A new report has found that the D.C. public-private nonprofit founded to woo retail businesses to the city generates nearly $30 million annually in tax revenue for the District, a number that could increase to more than $53 million when planned retail stores open.

The findings have given fuel to those who say the Washington D.C. Economic Partnership, which gets about $1 million a year from the city, is worth the investment. But others caution that the relationship between the partnership and retail revenue is not necessarily a straight line.

Nonprofits like D.C.'s partnership have become commonplace in major U.S. cities, said University of Baltimore economist Richard Clinch. They capitalize on the expertise and credibility of established businesses by having boards of directors largely filled by private-sector officials, he said.

The partnership is credited with helping to spark D.C.'s retail boom in the late 1990s. Clinch said that although partnerships like D.C.'s are more than worth a city's investment, new businesses drawn to the District today are a byproduct of that earlier boom.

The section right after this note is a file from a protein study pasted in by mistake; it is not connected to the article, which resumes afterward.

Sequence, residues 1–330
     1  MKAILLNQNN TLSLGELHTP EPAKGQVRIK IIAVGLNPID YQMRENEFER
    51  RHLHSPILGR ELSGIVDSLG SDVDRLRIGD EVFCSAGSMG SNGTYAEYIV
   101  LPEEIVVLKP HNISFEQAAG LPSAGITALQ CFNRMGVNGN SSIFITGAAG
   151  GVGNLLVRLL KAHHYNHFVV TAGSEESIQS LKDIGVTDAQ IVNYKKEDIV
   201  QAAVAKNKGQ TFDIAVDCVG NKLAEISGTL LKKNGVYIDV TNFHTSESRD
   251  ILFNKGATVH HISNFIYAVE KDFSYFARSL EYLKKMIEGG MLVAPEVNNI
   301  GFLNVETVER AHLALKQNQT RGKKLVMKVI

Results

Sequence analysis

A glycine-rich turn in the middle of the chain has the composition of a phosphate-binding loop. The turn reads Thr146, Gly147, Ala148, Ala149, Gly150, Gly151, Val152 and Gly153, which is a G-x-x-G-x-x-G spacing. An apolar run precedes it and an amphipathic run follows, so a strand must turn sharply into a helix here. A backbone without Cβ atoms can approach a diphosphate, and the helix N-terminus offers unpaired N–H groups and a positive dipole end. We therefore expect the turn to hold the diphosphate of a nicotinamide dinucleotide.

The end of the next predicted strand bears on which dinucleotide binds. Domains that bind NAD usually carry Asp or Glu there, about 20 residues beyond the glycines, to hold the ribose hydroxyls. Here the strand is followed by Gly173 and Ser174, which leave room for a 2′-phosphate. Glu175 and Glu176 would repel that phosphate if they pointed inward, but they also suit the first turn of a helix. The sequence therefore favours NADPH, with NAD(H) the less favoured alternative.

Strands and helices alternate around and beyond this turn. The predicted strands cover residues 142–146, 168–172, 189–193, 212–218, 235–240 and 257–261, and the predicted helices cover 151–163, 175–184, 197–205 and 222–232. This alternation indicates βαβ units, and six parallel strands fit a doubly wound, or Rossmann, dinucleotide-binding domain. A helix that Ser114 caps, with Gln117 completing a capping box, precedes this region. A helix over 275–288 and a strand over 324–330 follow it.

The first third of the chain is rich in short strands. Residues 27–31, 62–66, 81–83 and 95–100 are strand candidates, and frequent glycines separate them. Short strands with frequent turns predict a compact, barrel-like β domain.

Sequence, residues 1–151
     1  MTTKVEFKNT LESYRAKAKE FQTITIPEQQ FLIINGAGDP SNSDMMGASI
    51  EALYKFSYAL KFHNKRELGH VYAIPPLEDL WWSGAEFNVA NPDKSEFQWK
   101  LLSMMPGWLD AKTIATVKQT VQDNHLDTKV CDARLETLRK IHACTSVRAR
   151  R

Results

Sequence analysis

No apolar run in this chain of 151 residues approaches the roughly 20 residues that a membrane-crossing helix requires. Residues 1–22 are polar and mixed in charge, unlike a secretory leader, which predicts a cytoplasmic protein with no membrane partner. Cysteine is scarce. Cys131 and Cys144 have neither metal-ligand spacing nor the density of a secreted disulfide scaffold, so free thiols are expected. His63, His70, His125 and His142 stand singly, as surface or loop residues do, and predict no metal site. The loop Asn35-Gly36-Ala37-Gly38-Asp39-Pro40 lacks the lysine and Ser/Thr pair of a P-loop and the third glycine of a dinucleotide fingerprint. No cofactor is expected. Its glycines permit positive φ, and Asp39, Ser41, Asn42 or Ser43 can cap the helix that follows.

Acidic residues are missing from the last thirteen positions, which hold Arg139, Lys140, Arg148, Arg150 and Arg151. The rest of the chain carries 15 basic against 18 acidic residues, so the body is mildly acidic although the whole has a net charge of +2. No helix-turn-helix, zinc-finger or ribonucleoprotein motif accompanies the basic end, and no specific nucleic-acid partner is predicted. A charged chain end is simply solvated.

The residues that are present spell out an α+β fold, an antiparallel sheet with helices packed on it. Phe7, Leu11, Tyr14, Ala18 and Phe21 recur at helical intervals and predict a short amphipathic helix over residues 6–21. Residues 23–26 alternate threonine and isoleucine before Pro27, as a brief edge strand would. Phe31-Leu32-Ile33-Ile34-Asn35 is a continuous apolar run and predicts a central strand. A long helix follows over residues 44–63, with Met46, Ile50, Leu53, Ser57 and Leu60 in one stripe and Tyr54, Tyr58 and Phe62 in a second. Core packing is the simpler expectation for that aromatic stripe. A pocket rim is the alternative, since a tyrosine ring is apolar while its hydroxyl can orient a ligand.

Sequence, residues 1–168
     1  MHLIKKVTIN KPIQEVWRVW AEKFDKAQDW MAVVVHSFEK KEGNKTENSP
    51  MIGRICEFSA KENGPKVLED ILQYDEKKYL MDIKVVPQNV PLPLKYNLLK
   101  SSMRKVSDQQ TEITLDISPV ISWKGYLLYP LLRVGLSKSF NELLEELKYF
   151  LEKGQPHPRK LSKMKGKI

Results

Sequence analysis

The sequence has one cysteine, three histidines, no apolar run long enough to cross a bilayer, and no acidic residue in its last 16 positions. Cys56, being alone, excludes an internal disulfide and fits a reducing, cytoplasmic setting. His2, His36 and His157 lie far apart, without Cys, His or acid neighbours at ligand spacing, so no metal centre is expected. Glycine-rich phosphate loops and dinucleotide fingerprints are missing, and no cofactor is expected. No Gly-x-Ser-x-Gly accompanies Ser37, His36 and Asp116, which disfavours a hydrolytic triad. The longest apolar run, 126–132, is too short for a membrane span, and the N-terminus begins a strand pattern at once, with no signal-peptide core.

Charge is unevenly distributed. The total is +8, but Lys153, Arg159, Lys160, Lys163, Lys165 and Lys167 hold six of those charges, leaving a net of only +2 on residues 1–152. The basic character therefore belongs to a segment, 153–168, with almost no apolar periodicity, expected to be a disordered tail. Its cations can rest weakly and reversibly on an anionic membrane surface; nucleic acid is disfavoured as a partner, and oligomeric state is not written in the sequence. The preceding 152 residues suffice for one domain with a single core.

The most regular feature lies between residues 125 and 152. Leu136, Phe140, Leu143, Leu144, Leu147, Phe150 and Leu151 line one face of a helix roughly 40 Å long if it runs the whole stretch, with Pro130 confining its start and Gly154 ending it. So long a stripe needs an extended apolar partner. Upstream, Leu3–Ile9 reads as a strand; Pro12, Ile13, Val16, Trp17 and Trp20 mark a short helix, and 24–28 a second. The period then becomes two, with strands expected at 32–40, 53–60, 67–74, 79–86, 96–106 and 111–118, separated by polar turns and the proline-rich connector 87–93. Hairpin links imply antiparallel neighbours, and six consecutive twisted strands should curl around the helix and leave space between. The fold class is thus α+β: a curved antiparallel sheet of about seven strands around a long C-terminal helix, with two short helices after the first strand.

"These types of things help ... in the early days," Clinch said. "Once you get a critical mass, these things tend to move along on their own."

Fern Barrueta, who was chairman of the partnership board in the late 1990s when it operated under a different name, said Monday that maintaining the partnership was important for sending a credible message to incoming retailers. "WDCEP tries to create the face of the city to retailers to show them this is organized and cared about," he said.

The report, written by Delta Associates, looked at the economic footprint of 92 retail tenants that worked directly with the partnership when they came to the city. It found that those retailers produce an estimated $1.1 billion in annual sales, including projections for 16 stores yet to open.